23-04-2018 | | By Paul Whytock
According to many of the automotive and battery industry cognoscenti all of us will be driving around in electric vehicles by the year 2030.
Whether you believe that, and whether you think there will be sufficient public charging points and electricity on national grids to make such predictions an actuality is another matter.
What is for sure though is the global semiconductor industry has its foot hard down on the R & D accelerator when it comes to creating high voltage chips that can cope with the demands of EVs. And there have been, and still are, some significant design challenges when it comes to creating devices that can handle switching at up to 1200Volts.
In reality it is well recognised that for applications beyond 650V such as electric cars and renewable energy, it is difficult to increase the buffer thickness on 200mm wafers to the levels required for higher breakdown and low leakage levels. Primarily this is because of the mismatch in coefficient of thermal expansion (CTE) between the GaN/AlGaN epitaxial layers and the silicon substrate says research centre Imec.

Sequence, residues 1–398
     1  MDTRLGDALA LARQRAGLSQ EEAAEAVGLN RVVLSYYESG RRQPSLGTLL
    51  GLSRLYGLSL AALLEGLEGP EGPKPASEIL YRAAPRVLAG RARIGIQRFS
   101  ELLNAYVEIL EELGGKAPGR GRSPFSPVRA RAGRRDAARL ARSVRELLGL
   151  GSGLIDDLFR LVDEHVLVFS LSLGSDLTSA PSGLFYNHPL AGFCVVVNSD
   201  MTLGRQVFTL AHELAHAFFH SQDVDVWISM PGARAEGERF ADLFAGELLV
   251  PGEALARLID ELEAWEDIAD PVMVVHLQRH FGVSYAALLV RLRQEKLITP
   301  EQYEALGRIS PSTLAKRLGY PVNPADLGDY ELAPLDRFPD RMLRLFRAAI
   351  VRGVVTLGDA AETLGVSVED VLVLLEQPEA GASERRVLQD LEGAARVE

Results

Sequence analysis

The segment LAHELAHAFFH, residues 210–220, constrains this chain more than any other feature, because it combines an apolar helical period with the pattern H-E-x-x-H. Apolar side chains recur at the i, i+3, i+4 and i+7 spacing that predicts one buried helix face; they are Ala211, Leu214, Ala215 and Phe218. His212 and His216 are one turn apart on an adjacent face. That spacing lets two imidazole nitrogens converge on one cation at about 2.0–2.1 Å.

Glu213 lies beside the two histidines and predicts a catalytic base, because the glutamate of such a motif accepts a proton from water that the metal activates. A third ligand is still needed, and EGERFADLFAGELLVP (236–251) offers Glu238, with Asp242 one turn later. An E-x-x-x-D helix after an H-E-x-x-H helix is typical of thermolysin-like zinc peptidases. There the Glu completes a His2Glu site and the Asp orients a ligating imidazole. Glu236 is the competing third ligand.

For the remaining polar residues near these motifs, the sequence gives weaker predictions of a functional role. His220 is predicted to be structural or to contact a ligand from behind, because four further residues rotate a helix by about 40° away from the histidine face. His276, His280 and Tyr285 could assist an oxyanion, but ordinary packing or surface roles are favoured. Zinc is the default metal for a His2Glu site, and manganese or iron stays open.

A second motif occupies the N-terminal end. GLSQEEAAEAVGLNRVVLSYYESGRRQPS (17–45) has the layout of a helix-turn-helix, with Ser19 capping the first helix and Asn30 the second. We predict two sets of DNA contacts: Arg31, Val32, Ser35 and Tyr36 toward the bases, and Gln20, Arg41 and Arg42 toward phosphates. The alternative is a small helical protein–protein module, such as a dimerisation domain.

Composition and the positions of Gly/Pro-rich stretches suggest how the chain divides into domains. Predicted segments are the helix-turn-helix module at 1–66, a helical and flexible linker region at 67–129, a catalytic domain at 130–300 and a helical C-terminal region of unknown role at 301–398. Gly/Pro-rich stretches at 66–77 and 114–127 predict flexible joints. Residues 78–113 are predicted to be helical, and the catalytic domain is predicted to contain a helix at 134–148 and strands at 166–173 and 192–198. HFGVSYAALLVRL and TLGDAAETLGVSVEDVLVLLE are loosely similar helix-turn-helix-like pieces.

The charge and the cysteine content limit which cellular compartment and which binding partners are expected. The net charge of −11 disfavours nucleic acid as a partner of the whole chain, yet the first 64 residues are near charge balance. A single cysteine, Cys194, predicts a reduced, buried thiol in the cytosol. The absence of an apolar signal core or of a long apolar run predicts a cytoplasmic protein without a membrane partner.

Some experts say that because of the higher CTE characteristic of GaN the stress during epitaxial growth the use of 1.15mm thick 200mm silicon (Si) substrates is beneficial because it will reduce the problem of wafer warp during growth and potentially cut the risk of fracturing.
However, there can be processing problems when it comes to using thicker substrates. Fundamentally, these are compatibility issues in wafer handling that can occur in some processing tools.
Imec has been working with Silicon Valley-based wafer fab company Qromis and its Qromis Substrate Technology (QST) range of substrates.
According to the two organisations, CMOS fab compatible QST substrates with a CTE that matches the thermal expansion of the GaN/AlGaN epitaxial layers makes 1200V buffers on 200mm substrates a possibility.
A result of the collaboration between the two organisations is the development of enhancement mode p-GaN power device GaN epitaxial layers on 200mm QST substrates with buffers grown in AIXTRON’s G5+ C 200mm high volume manufacturing metal organic chemical vapour deposition (MOCVD) system.
Imec then ported its p-GaN enhancement mode power device technology to the 200mm GaN-on-QST substrates in its silicon pilot-process and demonstrated high performance power devices.
So its reasonable to say that 200mm GaN on Si will be a dominate factor in the power device arena and developments that look at elements like substrate technology relative to CTE, high integration of on-chip GaN transistors and quasi-vertical and vertical architectures will push performance boundaries further forward.